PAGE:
Adjusting to Mifid II
Andrew Holt talks to EQS CEO Achim Weick about the latest trends involving Mifid II
What trends have you seen develop as a result of Mifid II?
Mifid II obliges investment companies to separate the costs of additional services like research and the organization of investor meetings and roadshows from the trading of securities. As a result, companies and investors are now questioning whether to allocate budget to these services or take on these responsibilities themselves.
What has been the most surprising impact of Mifid II, and why?
Many of our clients tell us about an increase in incoming calls and emails from investors asking for meetings. This is likely because investors now need to pay external agents such as banks and brokers to arrange meetings for them. An increasing number are now contacting IR teams directly.
What do you see as being the next big challenge involving Mifid II going forward, and why?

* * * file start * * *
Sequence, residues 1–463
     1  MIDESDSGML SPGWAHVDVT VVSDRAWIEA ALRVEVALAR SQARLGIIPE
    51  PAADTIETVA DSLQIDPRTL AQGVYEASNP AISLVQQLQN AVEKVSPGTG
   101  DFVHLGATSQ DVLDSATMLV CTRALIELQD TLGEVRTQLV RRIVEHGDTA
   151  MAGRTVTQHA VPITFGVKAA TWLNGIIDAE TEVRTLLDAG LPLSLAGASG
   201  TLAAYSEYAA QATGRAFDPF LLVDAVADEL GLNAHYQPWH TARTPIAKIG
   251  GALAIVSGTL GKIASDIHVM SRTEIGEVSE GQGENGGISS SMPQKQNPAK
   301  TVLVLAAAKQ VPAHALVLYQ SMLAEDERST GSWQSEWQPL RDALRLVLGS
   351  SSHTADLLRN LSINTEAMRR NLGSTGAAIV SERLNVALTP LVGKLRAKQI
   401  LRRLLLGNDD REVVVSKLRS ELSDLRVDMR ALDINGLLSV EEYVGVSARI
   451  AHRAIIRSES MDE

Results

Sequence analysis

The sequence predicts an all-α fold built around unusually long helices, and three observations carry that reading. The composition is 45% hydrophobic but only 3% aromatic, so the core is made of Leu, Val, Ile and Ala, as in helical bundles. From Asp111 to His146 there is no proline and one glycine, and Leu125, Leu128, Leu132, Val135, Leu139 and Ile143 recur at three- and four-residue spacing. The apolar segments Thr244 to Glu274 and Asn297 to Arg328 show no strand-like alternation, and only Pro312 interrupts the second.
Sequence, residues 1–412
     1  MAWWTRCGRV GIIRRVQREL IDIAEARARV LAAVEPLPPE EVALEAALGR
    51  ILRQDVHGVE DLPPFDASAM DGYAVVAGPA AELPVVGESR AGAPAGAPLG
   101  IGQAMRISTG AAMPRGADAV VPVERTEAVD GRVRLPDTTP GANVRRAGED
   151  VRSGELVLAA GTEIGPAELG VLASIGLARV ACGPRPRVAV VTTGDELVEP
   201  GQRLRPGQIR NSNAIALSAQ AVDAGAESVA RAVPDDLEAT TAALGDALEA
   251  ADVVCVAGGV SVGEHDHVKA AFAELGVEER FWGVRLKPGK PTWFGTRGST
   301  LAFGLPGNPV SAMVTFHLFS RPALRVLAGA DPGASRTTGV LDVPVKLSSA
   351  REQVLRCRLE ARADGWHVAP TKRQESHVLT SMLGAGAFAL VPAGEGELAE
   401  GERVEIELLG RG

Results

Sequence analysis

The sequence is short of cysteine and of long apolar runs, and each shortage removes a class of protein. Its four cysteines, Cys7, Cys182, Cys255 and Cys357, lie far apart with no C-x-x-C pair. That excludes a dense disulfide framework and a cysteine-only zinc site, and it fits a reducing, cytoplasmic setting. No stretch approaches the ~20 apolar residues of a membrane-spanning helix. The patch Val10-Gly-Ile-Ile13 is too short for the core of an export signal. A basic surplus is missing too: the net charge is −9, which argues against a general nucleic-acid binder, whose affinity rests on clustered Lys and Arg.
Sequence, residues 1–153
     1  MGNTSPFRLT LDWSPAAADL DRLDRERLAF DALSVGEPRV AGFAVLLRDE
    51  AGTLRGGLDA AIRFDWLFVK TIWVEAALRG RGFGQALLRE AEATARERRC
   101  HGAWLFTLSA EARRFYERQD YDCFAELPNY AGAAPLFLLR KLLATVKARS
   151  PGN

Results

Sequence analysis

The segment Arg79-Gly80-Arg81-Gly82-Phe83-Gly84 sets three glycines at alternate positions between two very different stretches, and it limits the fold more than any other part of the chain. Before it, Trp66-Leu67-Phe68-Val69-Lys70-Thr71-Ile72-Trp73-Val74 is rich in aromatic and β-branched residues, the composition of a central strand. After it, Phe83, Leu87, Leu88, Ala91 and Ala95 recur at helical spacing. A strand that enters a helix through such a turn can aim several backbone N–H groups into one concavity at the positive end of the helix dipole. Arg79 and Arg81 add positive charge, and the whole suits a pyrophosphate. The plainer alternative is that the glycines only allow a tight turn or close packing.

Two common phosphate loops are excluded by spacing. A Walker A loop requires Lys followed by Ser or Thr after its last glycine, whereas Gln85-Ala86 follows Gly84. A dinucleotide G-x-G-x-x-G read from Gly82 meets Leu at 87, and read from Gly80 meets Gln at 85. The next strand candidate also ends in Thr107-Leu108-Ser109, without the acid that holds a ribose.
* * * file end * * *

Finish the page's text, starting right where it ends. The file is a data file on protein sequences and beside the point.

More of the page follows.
Although Mifid II has been in place for quite a while now, we don’t think the market has fully adjusted to the new context. This is especially relevant to small and mid-cap companies that need to rethink how to stay on the investor’s agenda. Coverage from banks and brokers is decreasing. In my opinion, this will lead to more companies acting proactively, taking the organization of investor meetings and roadshows into their own hands. Therefore, we expect there are still challenges to come.
What are the benefits of the EQS COCKPIT?
The new EQS COCKPIT contains an investor database that helps to evaluate the quality of investors as well as identify and target new investors; both are important. You’re able to decide which contact requests to follow up. The data in the system helps you to learn about the profile of the investor and its investment strategy. The investor database is a great resource to proactively identify and target new investors.